Saskatchewan

City of Regina moves forward on ride-hailing regulations

Councillors heard from cab companies and disability advocates Monday night as Regina city councillors decided on the city's new ride-hailing bylaw that would govern the way companies like Uber and Lyft operate.

Final bylaw vote will be held on February 25.

The City of Regina has approved ride-hailing regulations. (Gene J. Puskar/Associated Press)

Councillors heard from cab companies and disability advocates Monday night as Regina city councillors decided on the city's new ride-hailing bylaw that would govern the way companies like Uber and Lyft operate.  

While council heard both sides of the debate whether ride-hailing companies should be allowed on the road, in the end, the councillors voted in favor of creating a bylaw. 

Mayor Michael Fougere said he wholeheartedly supports the regulations.

"This model works. It works across the world," Fougere said. "I'm completely satisfied with the report that's before us. 

"The public has spoken. They want ride-share, let's give it to them." 

Almost all councillors voted in favour of the regulations with the exception of Councillor John Findura.

There were a total of 19 groups who spoke to the city council including MADD Canada, the CNIB, Regina & District Labour Council, taxi companies and riders.

Representatives from Canadian National Institute for the Blind said the services will help people with disabilities.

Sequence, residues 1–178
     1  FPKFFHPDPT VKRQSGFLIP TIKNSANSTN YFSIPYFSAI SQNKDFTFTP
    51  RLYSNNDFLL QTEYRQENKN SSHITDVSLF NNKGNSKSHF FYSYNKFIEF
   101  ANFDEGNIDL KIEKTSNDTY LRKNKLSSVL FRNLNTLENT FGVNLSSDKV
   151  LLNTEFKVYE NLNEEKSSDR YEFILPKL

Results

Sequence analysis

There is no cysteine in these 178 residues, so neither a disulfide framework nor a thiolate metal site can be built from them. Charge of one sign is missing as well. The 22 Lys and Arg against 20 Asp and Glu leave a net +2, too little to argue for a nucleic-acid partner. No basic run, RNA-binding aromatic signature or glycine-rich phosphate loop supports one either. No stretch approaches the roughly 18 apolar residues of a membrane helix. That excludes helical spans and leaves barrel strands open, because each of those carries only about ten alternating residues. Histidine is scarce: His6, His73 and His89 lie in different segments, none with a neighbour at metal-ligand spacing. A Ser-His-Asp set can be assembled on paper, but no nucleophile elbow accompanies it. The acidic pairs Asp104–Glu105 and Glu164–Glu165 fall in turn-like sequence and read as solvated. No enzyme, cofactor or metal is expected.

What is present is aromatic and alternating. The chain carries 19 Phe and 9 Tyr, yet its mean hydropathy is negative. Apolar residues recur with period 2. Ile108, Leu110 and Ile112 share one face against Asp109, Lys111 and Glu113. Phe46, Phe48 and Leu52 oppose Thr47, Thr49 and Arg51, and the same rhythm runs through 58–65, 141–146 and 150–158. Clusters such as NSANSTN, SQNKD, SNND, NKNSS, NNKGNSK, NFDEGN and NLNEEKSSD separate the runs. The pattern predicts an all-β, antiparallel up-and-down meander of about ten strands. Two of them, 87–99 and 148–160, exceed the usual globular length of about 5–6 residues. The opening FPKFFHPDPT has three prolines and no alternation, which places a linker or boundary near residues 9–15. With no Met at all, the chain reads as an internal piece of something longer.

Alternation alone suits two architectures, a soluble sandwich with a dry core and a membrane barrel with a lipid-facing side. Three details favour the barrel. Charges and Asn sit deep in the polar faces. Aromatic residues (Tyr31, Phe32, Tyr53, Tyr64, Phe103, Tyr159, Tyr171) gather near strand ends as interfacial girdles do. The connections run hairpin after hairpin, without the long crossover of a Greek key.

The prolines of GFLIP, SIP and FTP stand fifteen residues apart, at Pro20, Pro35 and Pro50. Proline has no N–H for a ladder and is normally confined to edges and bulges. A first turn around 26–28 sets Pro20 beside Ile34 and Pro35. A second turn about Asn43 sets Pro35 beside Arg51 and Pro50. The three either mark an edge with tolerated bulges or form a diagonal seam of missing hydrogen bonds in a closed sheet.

However, others wanted ride-hailing to have the same rules as Regina taxis, including a proposal to require cameras in ride-hailing vehicles. 

"I don't know why anybody would object to having a camera in the car," said Co-op Taxi's Wendell Wilke.

"In my 45 years. I had four knives pulled at me, I got shot at and I got stabbed in the chest with a needle."

After a lengthy debate, that idea failed to gain traction and the regulations passed as proposed.

The proposed regulations will now be turned into a bylaw and voted on at the next City Council meeting on February 25th.

The rules would include: 

  • Each ride-hailing company would need a single license. License price would depend on the number of vehicles the company has. 
  • No caps on the number of vehicles that can operate with these bylaws. 
  • No minimum fare. 
  • No cameras required in the ride-hailing cars. 
  • GPS tracking data would be submitted to the city

"This is exciting for Regina," Councillor Lori Bresciani​ said. "Young people here want this and they want it now." 

Regulations approved by the City of Regina include no caps on the number of ride-hailing vehicles and no mandatory cameras. (Lucy Nicholson/Reuters)

Partially because of the longer debate around ride-sharing, several items didn't get debated at city council. 

The recommendations surrounding parking on front lawns and the question of whether to gift the YWCA land in the Cathedral area were pushed back as a result of the flood of people who spoke at the meeting.

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